is she waiting in these boxes
       cobwebbing around and around
all my things

       did you know there's a spider
who eats her babies        they call it a wolf

i bet it howls as it spins
       shifting its paws in the air

frogpond (Haiku Society of America)
2014 Volume 37 Number 2

This journal is dedicated to Haiku, Senryu and related forms. Since I have a soft spot in my heart for these little gems, I always enjoy reading the latest issue. Here, have a couple:

forgetting myself . . .
cherry blossoms
in the wind

Anna Cates, Wilmington. OH

origami birds
some of my childhood
in the folds

Stephen A. Peters, Bellingham, WA

the basso profundo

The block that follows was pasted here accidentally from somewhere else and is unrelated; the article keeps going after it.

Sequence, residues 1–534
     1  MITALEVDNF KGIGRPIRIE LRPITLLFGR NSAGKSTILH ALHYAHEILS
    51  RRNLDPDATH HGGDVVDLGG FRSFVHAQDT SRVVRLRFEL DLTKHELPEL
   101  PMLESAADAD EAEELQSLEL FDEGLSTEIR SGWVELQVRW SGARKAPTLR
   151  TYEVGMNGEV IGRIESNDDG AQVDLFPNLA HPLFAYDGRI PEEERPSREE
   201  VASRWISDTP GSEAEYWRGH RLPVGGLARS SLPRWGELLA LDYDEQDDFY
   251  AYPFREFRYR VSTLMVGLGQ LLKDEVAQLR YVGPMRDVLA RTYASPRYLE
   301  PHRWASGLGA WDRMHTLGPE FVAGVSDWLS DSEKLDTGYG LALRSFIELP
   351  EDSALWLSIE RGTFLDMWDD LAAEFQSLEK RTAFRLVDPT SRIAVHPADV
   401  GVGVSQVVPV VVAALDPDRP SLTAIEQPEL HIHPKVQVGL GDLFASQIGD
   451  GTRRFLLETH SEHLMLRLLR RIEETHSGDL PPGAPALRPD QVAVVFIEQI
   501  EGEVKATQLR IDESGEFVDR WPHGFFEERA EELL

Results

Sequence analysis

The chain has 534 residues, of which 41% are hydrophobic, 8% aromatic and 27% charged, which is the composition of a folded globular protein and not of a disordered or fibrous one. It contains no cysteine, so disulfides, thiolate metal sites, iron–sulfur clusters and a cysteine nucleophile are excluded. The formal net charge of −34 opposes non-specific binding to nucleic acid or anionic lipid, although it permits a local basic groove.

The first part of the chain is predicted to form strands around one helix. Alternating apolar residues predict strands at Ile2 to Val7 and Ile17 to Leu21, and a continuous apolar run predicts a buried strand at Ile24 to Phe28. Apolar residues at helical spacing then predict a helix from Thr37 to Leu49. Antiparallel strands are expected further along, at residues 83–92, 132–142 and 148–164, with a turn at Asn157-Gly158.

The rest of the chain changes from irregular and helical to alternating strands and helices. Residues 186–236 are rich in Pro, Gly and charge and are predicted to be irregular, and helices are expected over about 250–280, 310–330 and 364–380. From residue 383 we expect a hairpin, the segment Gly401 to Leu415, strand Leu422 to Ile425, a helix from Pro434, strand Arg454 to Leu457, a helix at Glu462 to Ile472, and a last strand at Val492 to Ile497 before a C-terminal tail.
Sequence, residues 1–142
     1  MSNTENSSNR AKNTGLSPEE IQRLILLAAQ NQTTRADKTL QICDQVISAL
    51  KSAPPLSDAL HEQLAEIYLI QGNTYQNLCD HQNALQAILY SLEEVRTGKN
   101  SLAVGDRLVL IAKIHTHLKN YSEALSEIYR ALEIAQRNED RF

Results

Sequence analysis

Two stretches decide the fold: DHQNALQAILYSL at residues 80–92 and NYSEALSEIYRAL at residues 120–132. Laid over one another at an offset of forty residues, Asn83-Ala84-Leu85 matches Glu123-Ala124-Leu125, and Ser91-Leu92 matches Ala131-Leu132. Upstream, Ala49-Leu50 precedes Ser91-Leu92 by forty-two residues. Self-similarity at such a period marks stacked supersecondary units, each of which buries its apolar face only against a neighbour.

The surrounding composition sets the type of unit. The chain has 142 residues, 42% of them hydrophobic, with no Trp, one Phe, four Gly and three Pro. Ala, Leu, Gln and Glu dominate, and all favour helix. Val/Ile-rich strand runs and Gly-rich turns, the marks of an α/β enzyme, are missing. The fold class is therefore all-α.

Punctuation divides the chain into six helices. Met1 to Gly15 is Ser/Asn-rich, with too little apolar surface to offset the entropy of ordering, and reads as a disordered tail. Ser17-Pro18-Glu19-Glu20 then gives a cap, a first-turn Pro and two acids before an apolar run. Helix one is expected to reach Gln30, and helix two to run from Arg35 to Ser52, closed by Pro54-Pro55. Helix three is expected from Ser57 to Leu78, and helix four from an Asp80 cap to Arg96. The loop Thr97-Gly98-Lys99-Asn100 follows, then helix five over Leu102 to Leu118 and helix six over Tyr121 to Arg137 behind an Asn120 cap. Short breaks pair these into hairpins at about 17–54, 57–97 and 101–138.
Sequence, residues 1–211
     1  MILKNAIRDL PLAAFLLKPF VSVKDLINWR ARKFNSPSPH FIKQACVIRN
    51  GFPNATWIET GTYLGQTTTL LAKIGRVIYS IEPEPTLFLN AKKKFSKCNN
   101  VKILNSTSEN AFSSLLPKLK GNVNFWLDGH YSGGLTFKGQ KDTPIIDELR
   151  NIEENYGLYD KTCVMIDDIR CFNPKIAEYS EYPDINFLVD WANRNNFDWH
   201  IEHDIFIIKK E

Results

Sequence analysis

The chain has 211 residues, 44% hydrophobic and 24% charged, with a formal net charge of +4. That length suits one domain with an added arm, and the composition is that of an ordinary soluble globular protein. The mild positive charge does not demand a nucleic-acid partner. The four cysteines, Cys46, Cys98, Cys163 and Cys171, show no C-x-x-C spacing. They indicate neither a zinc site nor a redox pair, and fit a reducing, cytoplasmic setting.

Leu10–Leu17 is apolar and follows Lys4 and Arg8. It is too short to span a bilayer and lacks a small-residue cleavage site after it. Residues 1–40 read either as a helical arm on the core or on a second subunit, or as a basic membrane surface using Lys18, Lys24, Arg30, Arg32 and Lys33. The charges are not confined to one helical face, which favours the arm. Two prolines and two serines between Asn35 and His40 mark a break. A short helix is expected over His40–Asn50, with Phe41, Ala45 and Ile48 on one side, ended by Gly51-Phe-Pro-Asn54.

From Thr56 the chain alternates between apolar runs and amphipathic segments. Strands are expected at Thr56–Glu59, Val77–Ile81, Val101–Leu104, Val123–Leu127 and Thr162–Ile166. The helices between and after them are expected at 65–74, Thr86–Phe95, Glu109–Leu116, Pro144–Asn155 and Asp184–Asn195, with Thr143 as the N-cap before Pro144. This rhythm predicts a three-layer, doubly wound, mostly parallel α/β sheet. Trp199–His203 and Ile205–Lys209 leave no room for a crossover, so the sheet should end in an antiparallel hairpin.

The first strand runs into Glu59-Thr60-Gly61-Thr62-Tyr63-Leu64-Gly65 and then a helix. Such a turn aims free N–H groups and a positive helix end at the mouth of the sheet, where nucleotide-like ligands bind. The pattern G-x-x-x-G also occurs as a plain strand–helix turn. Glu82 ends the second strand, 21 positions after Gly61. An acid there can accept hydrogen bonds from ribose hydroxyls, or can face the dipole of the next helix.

of bullfrogs

Ellen Compton, Washington, D.C.

spider's silk
the tensile strength
of dreams

Beverly Acuff Momoi, Mountain View, CA

Saturday, October 25, 2014

Saturday Farmer's Market - And the Garden Hangs On . . .

Created by Heather at Capricious Reader, and now hosted by Chris at Stuff as Dreams are Made on.

The name of this lovely Rose is Strike it Rich.
(Wouldn't that be lovely?)

These are probably the most numerous Birds in my garden. 
This Lesser Goldfinch says, "Can I help you with something?"

This is the bed I always refer to as the Grass Bed
The original Grass didn't make it through last winter, but it didn't look bad so I left it in all Summer.
Big plant sales netted me a Bougainvillaea and some Iceland Poppies, so I finally pulled it out and replaced it.

The Lady Bugs are still working hard.
This little one is sitting on a Rose called Pillow Fight.

I have to say, "What is wrong with this picture?"
Irises and California Poppies - in the fall?

As I was watching out my front door, this Squirrel ran down the sidewalk and into the Crepe Myrtle,